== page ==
• #2
    Source: The Oh Law Firm

    People have been seeing two reports on the InfoPass schedules on the web sites. One is the USCIS official announcements for each local district and the other is this web site's report of the local district InfoPass scheduling. This web site's report presents the date when people can get access to the online InfoPass appointment scheduling. But when it comes to the actual dates of appointments, they are scheduled after the dates of the USCIS official announcement. Accordingly, people must have noticed that even if almost all local districts and suboffices take appointments as of today by online InfoPass, the earliest appointment is not scheduled until the date when the USCIS will officially announce the InfoPass Launch on its web site. When it comes to the access of walk-ins to the local offices without the InfoPass appointment, each district will make a decision and apparently most of the districts give sometime to let some walk-ins as well. It is thus advised that people should watch the official announcement of the USCIS InfoPass launch to determine when their walk-in access to the local offices will be discontinued. Our site just reports the availability of scheduling of appointments and not availability of actual appointment dates or the date of termination of walk-ins accessibility.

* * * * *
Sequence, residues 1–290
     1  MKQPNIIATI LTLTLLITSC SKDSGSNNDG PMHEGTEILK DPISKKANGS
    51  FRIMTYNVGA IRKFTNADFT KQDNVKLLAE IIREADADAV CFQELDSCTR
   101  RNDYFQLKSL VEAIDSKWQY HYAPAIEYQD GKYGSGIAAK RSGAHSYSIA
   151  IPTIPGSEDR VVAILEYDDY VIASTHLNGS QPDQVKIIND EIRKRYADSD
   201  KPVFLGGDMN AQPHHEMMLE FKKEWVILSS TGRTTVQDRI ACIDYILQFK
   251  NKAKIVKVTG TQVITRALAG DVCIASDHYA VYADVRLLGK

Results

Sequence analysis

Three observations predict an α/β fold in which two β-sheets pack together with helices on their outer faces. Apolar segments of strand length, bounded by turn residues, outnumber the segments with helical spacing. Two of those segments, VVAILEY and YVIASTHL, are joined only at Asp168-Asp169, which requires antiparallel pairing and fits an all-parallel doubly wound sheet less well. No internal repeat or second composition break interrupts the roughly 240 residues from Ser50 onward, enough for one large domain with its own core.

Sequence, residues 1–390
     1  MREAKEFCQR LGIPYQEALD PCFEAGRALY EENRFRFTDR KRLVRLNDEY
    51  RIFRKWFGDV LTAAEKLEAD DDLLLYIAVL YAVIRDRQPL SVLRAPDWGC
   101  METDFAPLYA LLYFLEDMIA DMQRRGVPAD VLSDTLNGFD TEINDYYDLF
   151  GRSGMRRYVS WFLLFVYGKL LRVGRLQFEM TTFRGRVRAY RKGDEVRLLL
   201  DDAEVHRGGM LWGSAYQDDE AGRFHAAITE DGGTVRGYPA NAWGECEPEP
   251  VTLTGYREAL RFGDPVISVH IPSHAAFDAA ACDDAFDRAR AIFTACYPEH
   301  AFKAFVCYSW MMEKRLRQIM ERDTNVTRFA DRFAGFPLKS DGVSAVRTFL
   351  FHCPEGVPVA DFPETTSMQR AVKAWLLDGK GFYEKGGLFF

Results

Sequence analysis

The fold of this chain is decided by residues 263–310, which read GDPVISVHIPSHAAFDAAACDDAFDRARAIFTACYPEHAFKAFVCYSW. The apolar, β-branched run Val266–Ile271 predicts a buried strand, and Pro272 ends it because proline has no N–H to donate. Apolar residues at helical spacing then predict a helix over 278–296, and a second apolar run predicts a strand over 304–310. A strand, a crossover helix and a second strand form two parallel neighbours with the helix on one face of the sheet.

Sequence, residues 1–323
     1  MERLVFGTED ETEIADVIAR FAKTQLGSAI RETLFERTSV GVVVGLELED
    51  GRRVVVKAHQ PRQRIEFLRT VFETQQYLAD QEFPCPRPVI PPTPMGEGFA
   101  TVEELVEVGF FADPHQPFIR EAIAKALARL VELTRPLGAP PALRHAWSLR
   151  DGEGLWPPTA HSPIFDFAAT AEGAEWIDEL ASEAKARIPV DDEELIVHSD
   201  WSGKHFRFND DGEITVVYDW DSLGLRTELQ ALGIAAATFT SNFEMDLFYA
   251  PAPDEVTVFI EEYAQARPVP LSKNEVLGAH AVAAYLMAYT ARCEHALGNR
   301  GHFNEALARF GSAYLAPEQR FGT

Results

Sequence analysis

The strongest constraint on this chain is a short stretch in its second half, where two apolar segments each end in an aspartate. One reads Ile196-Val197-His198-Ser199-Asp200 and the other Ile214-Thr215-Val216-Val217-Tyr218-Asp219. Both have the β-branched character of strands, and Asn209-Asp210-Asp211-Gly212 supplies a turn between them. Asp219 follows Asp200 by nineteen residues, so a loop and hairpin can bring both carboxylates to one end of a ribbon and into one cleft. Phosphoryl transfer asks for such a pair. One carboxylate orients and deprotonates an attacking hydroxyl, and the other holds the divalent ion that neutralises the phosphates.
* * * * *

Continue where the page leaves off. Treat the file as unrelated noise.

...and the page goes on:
In Minneosta, InfoPass appointments are scheduled beginning from September 8, 2004 even if the appointments are taken now. The district anticipates that appointments are scheduled in a two-week block. After September 8, 2004, the walk-in's access will be restricted but some walk-ins, particularly emergency cases, will be seen by the officers. However, the district will soon stop access of walk-in completely without the InfoPass appointment papers. Beginning from September 8, 2004, it will remove the so-called "attorney line" and attorneys will lose the privilege of having access to the information officers on a separte line.